And Zuckerberg also said the company's EBITDA-earnings before interest, taxes, depreciation and amortization and a number widely used by Wall Street as an indication of operating performance-would be $50 million in 2008.

That means the company would have a negative cash flow of about $150 million (EBITDA minus CapEx), rather than break even, as it does now."

Is Facebook profitable today, in the last quarter of 2008? Well it is almost certainly EBITDA positive, butthat is not the true measure. The answer is "maybe". If Facebook is hitting $300m to $350m this year (2008) and their operating costs have doubled from $50m to $100m (which is reasonable assumption as they said they would more than double employees from 450 to 1,000), they would have EBITDA of $200m to $250m. That sounds pretty good. But after $200m in Capex for servers, they are only breaking even on free cash flow at the bottom of their revenue forecast range. And, given the failure of Beacon and declining CPM rates on social networks, my guess (it is only a guess) is that Facebook revenues will be at the lower end of their forecast or even below.

But enough about Faceboom. The more generally interesting business issue highlighted by their story is that Capital Expenditure ("Capex") does matter for web ventures. In fact, it is a mission critical issue, with good software design at the heart of the issue.

Servers Are An Operating Expense For Web 2.0 Ventures

With user generated content, you don't pay people to create content that you use to generate advertising revenues. So your operating costs are R&D (developers), advertising sales and all those senior management overhead lumped into the General & Administrative (G&A) cost bucket. I don't really understand what 1,000 people do at Facebook, but that is another story.

As you scale, people costs should not scale. Servers do need to scale. That is where Facebook must be suffering from some sloppy early software design. That is fine, the initial win is all about user traction and a scalable design is secondary. But today it is a critical issue for Facebook. It is also a critical issue for any venture starting out today. Spending a few bucks early on to get a scalable architecture seems sensible. This is not rocket science, any competent software architect knows how to do this.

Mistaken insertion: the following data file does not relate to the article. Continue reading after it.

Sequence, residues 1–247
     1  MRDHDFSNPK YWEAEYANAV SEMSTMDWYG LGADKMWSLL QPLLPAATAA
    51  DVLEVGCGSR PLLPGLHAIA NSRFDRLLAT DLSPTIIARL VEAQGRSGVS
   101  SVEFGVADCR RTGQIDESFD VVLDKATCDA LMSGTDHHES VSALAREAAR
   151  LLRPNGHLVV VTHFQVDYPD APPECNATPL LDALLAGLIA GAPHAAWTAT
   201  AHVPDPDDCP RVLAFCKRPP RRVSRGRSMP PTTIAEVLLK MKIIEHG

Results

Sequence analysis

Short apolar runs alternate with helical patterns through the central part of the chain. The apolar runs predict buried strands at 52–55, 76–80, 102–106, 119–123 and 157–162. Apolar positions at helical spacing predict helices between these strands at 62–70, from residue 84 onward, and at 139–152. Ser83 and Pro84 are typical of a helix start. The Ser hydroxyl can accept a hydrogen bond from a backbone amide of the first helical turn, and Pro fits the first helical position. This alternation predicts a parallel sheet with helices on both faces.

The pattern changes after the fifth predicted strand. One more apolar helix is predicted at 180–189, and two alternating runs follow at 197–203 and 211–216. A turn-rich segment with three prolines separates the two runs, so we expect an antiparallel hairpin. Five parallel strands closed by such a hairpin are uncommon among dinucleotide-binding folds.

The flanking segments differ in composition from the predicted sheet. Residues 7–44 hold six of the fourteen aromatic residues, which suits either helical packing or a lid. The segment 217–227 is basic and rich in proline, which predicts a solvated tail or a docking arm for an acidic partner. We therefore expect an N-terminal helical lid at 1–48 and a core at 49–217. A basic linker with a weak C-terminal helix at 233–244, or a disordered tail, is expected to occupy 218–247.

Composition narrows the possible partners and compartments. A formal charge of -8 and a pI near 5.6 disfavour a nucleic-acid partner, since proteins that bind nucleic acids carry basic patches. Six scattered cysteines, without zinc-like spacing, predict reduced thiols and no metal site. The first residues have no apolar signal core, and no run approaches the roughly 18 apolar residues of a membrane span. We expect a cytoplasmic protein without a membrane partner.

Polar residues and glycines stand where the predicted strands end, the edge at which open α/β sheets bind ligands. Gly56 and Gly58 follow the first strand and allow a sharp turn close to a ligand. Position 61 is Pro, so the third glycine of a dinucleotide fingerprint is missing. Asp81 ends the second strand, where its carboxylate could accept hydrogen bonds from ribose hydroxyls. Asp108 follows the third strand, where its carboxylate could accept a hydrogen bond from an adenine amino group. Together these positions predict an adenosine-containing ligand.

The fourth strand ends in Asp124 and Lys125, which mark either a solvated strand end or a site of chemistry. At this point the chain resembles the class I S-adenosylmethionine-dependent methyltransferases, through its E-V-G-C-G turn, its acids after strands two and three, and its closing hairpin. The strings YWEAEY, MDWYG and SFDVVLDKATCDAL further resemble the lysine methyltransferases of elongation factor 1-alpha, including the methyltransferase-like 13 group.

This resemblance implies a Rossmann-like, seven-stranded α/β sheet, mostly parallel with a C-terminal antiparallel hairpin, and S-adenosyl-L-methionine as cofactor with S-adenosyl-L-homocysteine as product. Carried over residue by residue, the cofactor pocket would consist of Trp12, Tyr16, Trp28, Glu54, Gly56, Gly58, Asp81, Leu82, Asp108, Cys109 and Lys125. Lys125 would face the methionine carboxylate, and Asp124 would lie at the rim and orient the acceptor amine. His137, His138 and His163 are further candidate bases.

Should Servers Be Outsourced Or Leased?

Capex sounds old-fashioned. Why buy servers when you can lease or rent? If Facebook leased rather than bought servers, they could have positive free cash flow even at the lower end of their revenue forecast. The credit crisis will make leasing a bit tougher. Renting via Hardware As A Service (HaaS) is the ideal route for startups you benefit from the scale of the HaaS vendor. But it is unclear how the economics scale for the buyer? It is unclear whether Amazon AWS or any other HaaS is a serious option at Facebook's scale (or the scale of any VC funded venture that is nudging profitability).

Scale Or Profits - The New Choice?

It seems that ventures that can see a fairly quick way to profitability, simply ignore the VC route. The feeling seems to be mutual. VC look at a lot of the businesses that got to profitability and say "too small".

So, you have to choose either big and unprofitable or small and profitable? That does not make sense. If that is true, is this an issue with Web 2.0 models? Some VCs have seen this as a failure of IPO markets, meaning that public market investors won't trust unprofitable ventures promising they will be profitable in future. This "won't get fooled again" view is natural after the Web 1.0 bubble burst.

Trade sales for unprofitable ventures are unlikely to be the solution in the next few years. Not good trade sales at any rate (fire sales are technically trade sales, but they are not a good result). The buyer will be much less willing to fund losses because their investors will be less willing to fund losses for an uncertain period of time. If the venture is close to profitability it does not need to exit and nobody wants to exit in a down market unless they have to. VC have plenty of cash so this is not a financing issue, if the path to profitability is clear.

Maybe profitability for a lot of Web 2.0 ventures is really close? Maybe it just takes longer for Web 2.0 ventures to get to profitable - but that they will be fantastic cash cows when they get there?

Image: mlitty